Mayerling, Royal Opera House, review: Natalia Osipova and Edward Watson look hypnotised by each other

Watson and Osipova star in Kenneth MacMillan’s 1978 ballet about obsession, sex and death 

Zo Anderson
Tuesday 02 May 2017 13:24
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Osipova and Watson produce a vortex of violence in the capital
Osipova and Watson produce a vortex of violence in the capital

In the Royal Ballet’s superb revival of Mayerling, Edward Watson and Natalia Osipova don’t so much goad each other to greater heights as to darker depths. As Crown Prince Rudolf and his mistress Mary Vetsera, they plunge into a spiral of mutual obsession, a vortex of sex and death.

Those are common themes in ballet, but Kenneth MacMillan’s 1978 work gives them both visceral force and psychological complexity. This is also the story of the Austro-Hungarian court: a glittering, stifling society seething with social and political factions. The ballet explores the whole web of relationships and pressures that take Rudolf and Mary to their suicide pact. Nicholas Georgiadis’ sumptuous designs suggest both the richness and the constrictions of court life.

From the beginning, Watson plays Rudolf with a sadistic edge. Rather than a damaged person trying and failing to make human connections, he’s driven by rage and cruelty. There’s a cat-and-mouse nastiness to his treatment of his young wife Stephanie. (In the second cast, Federico Bonelli is a much more vulnerable Rudolf, which gives the character a longer arc: he has further to fall.)

Watson’s Rudolf lights up when he meets Osipova’s Mary, a besotted groupie who discovers her own darkness. In their first duet, she threatens him with a gun: having learnt of Rudolf’s fantasies from his former mistress, Marie Larisch. Osipova does it with a suppressed excitement. Having moulded herself to fit his desires, she finds that they match her own. There’s a voluptuous force to her dancing, a greedy fluency in the way she wraps herself around him. She and Watson look hypnotised by each other, spellbound by a shared idea. In later duets, the fascination with death goes from a sex game to a shocking reality.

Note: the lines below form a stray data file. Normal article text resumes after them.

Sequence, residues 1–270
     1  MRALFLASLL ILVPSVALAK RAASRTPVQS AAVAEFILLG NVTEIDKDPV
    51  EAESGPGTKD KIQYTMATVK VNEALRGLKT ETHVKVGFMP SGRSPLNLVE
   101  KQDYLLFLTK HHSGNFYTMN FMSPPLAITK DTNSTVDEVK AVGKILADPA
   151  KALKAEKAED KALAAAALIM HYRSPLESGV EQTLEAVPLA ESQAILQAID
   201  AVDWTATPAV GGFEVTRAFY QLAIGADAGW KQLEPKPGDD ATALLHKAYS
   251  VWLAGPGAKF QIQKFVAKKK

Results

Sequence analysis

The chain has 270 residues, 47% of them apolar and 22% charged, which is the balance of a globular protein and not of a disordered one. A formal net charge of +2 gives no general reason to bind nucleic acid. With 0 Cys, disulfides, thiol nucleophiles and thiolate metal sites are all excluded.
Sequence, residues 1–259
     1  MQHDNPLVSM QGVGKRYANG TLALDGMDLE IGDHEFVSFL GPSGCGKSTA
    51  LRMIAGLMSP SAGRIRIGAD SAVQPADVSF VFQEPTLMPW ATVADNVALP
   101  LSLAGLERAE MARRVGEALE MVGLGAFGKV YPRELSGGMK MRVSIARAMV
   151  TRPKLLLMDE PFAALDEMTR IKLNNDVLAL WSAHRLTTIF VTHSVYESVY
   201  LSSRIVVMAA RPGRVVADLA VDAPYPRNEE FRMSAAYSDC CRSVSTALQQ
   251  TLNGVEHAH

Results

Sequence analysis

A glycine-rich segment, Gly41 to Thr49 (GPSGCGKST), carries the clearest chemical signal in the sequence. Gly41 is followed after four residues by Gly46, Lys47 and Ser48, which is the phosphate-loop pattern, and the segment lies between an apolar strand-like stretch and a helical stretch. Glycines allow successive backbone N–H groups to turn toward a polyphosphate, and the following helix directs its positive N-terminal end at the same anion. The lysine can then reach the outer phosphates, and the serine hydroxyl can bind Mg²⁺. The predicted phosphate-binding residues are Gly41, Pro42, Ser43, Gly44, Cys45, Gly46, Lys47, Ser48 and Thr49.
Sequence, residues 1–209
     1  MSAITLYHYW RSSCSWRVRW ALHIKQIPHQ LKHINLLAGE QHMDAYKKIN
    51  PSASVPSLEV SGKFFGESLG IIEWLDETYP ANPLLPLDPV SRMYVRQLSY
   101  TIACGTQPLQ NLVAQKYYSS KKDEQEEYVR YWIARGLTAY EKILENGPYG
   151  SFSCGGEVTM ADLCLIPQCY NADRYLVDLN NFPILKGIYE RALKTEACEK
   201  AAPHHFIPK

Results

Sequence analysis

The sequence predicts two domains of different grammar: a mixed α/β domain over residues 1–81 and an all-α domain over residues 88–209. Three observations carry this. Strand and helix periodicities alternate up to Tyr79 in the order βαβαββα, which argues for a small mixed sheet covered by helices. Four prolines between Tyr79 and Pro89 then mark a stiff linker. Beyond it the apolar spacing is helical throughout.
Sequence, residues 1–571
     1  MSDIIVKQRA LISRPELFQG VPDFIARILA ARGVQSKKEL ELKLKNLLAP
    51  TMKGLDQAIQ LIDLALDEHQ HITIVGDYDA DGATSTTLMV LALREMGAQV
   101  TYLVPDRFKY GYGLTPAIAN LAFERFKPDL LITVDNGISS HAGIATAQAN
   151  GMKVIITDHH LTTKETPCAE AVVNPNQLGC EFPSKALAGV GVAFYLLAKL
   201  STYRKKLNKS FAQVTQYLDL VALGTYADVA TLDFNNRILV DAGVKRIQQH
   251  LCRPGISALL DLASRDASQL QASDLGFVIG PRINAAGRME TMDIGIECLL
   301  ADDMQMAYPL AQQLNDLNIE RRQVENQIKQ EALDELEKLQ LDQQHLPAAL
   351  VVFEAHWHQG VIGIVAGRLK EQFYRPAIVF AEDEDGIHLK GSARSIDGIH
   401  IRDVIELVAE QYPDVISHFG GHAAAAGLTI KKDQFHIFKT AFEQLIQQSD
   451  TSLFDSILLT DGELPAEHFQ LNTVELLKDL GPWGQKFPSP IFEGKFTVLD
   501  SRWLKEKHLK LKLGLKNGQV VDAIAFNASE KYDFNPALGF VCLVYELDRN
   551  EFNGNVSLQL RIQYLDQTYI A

Mayerling surrounds its central couple with a rich cast of characters, all with their own needs and compulsions. Zenaida Yanowsky is a magnificent Empress, regal hauteur with fear underneath. Francesca Hayward is scared but dogged as Stephanie. Sarah Lamb shows Larisch’s scheming brilliance, but could do more with her hints of understanding.

Marianela Núñez as Mitzi Caspar, another of Rudolf’s mistresses, dances with gorgeous energy, bringing a mocking, musical edge to her steps. Alexander Campbell brings a soft heart and music-hall wit to Bratfisch, Rudolf’s coachman. Martin Yates conducts an urgent account of the Liszt score, carrying the characters to their doom.

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